Eighty-six years after Ohio’s worst mining disaster scars persist, but life goes on
In 1930, the town of Millfield, in Ohio, was shaken by a devastating coal mine explosion, considered the worst mine disaster in the history of the state to date and which killed 82 people.
The Sunday Creek Coal company operated mines all over the Hocking Hills region. The Millfield site was the hub of hundreds of shafts, one of which blew up on Nov. 5, killing workers and also some of the firm’s top executives, who were there to inspect new safety equipment.
A few hours later, 19 miners were found alive three miles (about 5 km) from the main shaft. The disaster had the effect of pressuring Ohio’s lawmakers to improve mine safety regulations in 1931, but left emotional and economic scars that can still be seen today.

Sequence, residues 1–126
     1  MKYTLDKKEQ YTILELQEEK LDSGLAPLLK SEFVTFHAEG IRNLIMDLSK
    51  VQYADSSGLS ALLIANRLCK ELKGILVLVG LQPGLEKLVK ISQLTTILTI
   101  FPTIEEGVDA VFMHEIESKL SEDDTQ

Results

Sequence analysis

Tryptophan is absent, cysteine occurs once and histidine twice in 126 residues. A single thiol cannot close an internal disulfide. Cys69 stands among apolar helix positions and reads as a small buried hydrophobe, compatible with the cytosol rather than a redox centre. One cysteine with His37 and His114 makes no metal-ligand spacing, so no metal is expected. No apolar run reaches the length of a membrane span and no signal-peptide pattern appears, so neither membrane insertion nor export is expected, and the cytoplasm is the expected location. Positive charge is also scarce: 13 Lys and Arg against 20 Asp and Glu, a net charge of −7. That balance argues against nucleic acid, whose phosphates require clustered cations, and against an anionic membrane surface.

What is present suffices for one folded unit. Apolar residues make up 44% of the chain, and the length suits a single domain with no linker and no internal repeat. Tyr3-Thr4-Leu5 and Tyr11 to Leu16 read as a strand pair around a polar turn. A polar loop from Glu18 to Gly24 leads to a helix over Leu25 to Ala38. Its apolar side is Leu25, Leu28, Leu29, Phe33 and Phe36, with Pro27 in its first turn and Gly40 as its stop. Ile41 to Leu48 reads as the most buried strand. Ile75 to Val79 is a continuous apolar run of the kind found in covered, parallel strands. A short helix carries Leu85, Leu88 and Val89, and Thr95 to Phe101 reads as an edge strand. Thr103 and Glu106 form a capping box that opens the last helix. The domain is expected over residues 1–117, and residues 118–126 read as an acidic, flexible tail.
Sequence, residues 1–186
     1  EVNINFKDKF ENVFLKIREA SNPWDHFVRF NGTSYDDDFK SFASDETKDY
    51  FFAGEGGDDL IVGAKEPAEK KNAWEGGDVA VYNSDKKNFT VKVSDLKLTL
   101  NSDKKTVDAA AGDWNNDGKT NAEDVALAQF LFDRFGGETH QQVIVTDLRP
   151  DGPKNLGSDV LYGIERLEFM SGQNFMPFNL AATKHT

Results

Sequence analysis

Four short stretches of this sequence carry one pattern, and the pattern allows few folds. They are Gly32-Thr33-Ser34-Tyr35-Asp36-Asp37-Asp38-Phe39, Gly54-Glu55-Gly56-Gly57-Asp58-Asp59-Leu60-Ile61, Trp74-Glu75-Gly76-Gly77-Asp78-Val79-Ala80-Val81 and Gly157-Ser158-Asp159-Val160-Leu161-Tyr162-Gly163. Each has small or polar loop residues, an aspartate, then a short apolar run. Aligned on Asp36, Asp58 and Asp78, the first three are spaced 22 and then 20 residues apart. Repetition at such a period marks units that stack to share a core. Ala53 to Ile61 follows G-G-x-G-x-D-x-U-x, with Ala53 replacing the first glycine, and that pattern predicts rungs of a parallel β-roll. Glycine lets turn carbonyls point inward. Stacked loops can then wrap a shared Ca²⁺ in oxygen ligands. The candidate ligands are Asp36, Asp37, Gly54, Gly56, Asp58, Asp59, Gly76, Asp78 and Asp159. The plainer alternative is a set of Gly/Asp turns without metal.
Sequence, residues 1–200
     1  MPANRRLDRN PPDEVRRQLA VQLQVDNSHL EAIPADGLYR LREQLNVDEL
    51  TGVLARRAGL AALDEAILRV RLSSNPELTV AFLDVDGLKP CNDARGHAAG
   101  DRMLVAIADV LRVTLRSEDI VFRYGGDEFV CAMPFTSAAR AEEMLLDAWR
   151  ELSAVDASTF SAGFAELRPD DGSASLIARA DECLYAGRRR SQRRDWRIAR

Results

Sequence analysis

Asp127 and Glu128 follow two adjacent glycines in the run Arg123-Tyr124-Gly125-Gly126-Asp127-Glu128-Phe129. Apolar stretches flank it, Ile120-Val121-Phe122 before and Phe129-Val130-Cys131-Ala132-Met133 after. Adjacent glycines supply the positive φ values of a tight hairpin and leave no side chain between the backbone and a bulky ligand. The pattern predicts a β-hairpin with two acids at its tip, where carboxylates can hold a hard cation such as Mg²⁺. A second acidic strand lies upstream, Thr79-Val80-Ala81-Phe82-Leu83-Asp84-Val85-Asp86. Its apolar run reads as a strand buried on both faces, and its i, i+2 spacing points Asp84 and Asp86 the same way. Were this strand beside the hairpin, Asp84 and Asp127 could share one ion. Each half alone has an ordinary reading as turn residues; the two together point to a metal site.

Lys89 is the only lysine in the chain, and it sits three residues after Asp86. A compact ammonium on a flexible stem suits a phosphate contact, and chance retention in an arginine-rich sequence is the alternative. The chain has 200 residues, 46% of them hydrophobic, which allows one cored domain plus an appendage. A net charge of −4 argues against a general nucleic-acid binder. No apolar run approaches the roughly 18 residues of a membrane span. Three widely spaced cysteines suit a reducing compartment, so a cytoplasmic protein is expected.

In a moving photo essay published on ViewFind, a platform for immersive, visual storytelling, Chicago-based documentary photographer and video producer Brooke Herbert Hayes documented Millfield’s current struggles, but also the resiliency of those who chose to stay and reassemble their lives from the ground up.
She shared a few images with MINING.com. You can take a look at the whole gallery here.